Looking back on my career, I’m compelled to share an event that may seem meaningless to some but changed the course of my professional life and influenced my future interactions. It was 1989. I had been on Wall Street for a few years, and while the business was fascinating, the roles I had were primarily in support of others and not reflective of my goals and ambitions. I was a sales assistant at Oppenheimer & Co. I met with an internal recruiter who asked me what I wanted to do. I explained that I was tied to another’s production and wanted greater accountability and control. Ideally, what I truly wanted was a trading job.

Several months later, I received a call from an external recruiter who told me I had been recommended for a job, a trading job. My first question was, Who recommended me? The recruiter said he couldn’t tell me, but if I got the job he’d disclose who made the recommendation. I got the job. It turns out, the internal recruiter had recommended me for the job, although his objective was to keep talented people at Oppenheimer. He took a risk with me. Needless to say, that job changed the direction of my career and enabled me to build a new set of skills. I never forgot his act of kindness and despite great efforts to reconnect with him I did not have the opportunity to thank him at the time. Nearly twenty years later, I was able to find him on LinkedIn and properly thank him.

His simple actions had a profound impact on my life, both in terms of my career path and my perspective on helping others. My approach to networking is simple: Feed your network via simple acts of kindness with no expectation of immediate return. Try to be a resource to others, thinking creatively of how you can help them regardless of their position.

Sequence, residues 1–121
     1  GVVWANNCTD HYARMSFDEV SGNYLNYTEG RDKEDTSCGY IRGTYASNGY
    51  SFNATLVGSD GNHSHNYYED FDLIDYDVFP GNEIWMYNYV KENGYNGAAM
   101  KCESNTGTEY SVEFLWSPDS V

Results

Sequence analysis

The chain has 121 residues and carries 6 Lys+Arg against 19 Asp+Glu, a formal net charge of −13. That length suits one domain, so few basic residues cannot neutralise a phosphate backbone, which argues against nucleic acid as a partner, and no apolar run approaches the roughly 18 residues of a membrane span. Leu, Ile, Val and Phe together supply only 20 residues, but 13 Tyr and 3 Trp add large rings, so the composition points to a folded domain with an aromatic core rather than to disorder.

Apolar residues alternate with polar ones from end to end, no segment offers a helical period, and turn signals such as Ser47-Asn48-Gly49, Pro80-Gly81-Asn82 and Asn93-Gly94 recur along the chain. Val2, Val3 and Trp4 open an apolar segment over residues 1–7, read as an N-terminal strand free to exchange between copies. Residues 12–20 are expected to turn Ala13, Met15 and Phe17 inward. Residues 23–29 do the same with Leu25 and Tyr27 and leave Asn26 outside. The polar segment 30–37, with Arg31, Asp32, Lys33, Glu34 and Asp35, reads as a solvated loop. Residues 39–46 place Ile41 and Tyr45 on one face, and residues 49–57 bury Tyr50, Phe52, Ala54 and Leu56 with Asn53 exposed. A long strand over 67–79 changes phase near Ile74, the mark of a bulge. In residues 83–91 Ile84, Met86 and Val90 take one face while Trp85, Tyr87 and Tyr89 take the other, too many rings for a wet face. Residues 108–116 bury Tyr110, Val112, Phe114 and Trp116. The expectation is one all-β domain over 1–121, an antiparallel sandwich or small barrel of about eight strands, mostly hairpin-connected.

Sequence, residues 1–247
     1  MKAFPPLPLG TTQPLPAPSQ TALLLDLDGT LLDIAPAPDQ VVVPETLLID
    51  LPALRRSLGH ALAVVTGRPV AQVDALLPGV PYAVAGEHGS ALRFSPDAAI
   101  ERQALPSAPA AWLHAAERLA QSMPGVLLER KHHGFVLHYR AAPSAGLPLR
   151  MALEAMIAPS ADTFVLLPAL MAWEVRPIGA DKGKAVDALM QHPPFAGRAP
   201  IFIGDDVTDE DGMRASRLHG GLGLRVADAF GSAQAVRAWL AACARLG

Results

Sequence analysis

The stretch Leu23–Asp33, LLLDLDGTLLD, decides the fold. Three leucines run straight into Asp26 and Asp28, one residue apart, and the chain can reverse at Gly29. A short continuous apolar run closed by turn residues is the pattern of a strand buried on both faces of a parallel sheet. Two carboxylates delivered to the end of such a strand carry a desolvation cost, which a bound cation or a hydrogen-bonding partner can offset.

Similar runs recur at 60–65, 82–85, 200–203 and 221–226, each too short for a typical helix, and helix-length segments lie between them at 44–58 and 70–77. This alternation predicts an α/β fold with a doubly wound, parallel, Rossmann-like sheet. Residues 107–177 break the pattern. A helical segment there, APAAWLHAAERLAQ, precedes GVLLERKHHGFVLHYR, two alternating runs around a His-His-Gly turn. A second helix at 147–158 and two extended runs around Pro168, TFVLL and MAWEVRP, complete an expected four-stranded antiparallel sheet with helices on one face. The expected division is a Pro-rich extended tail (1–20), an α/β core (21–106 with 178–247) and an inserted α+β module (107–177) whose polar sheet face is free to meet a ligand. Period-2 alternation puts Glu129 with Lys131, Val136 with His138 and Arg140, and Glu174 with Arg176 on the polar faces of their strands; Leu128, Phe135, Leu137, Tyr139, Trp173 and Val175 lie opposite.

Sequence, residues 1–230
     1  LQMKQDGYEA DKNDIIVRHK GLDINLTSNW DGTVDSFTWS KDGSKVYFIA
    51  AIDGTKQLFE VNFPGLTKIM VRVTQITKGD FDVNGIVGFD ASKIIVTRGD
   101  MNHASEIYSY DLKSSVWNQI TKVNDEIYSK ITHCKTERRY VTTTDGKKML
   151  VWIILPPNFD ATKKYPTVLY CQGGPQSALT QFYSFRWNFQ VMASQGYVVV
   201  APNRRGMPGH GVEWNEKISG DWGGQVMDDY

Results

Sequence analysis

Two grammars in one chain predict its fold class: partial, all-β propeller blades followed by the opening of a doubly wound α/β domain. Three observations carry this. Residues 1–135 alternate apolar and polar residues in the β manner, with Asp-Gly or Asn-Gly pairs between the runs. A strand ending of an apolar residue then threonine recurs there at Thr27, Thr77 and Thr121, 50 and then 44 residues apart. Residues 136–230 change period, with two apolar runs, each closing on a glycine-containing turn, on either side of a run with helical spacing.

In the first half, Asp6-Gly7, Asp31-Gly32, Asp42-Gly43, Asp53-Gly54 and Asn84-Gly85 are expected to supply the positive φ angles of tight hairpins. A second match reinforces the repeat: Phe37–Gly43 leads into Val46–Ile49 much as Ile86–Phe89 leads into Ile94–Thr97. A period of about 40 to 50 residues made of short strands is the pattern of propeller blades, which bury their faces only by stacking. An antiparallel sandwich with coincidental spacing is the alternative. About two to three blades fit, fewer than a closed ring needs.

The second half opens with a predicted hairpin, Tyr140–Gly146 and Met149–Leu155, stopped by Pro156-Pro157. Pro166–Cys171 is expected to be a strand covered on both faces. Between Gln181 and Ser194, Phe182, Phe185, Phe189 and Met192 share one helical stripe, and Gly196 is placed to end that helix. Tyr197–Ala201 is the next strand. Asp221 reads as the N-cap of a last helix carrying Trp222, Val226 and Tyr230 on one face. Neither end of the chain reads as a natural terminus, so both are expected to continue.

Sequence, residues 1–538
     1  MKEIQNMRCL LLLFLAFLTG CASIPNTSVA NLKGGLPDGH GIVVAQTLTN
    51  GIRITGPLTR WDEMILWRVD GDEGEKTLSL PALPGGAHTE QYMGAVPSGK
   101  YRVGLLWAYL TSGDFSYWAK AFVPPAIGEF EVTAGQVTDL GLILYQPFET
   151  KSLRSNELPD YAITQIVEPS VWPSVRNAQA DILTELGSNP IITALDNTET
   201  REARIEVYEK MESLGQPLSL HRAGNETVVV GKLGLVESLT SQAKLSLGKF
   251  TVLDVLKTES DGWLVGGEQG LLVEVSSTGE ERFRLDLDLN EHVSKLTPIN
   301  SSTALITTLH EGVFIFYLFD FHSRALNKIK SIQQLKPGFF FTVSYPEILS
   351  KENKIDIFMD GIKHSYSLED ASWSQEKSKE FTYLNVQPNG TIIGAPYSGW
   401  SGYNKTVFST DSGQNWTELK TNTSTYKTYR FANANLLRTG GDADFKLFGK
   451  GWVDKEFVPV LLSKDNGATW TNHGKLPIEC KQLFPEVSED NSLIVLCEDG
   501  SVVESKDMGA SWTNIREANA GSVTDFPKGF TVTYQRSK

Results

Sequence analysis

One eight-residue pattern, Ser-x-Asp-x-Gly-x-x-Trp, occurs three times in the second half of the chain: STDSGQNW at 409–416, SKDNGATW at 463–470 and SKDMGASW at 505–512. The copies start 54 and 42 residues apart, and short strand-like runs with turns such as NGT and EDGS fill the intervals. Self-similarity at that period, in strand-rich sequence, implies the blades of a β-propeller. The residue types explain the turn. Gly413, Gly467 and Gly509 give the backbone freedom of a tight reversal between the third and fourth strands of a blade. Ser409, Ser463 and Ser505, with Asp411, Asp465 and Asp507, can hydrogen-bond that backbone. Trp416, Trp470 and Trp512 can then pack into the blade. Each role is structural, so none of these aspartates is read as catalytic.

The unexpected result is that not only does it feel good to help others, there is powerful scientific evidence that kindness creates a virtuous cycle that promotes lasting happiness. Some of the best advice I can offer is to be a proactive connector and always ask yourself this question: How can I help this person?

I encourage you to try it.

What does it take to succeed and stay competitive in your position/field?

The global financial landscape is constantly evolving. As a result, a desire to constantly learn is critical to remaining competitive. It’s not only important to know global finance, but geopolitics, technology, and regulation.

Has discrimination affected you as a woman in the workplace? How did you deal with it?

I chose to be a trailblazer. Often, I found myself to be the only woman on the trading desk. Adaptability along with a positive attitude was essential for me.

What advice would you give young women building/preparing for a career?

The tape that plays in your head can either say “I can’t do this” or “I can do this.” You make that decision.